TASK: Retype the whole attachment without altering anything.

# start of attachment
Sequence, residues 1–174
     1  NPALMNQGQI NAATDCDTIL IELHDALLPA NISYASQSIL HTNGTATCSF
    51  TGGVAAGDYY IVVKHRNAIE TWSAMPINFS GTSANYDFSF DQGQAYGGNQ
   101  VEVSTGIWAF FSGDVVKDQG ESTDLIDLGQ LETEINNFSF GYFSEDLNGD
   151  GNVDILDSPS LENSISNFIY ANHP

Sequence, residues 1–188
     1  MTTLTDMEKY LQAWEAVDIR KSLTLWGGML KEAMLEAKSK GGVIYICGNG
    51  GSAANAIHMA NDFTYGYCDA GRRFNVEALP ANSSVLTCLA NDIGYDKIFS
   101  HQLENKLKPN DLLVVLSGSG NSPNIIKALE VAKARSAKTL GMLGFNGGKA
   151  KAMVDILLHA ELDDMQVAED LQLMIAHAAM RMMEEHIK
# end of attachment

Sequence, residues 1–174
     1  NPALMNQGQI NAATDCDTIL IELHDALLPA NISYASQSIL HTNGTATCSF
    51  TGGVAAGDYY IVVKHRNAIE TWSAMPINFS GTSANYDFSF DQGQAYGGNQ
   101  VEVSTGIWAF FSGDVVKDQG ESTDLIDLGQ LETEINNFSF GYFSEDLNGD
   151  GNVDILDSPS LENSISNFIY ANHP

Sequence, residues 1–188
     1  MTTLTDMEKY LQAWEAVDIR KSLTLWGGML KEAMLEAKSK GGVIYICGNG
    51  GSAANAIHMA NDFTYGYCDA GRRFNVEALP ANSSVLTCLA NDIGYDKIFS
   101  HQLENKLKPN DLLVVLSGSG NSPNIIKALE VAKARSAKTL GMLGFNGGKA
   151  KAMVDILLHA ELDDMQVAED LQLMIAHAAM RMMEEHIK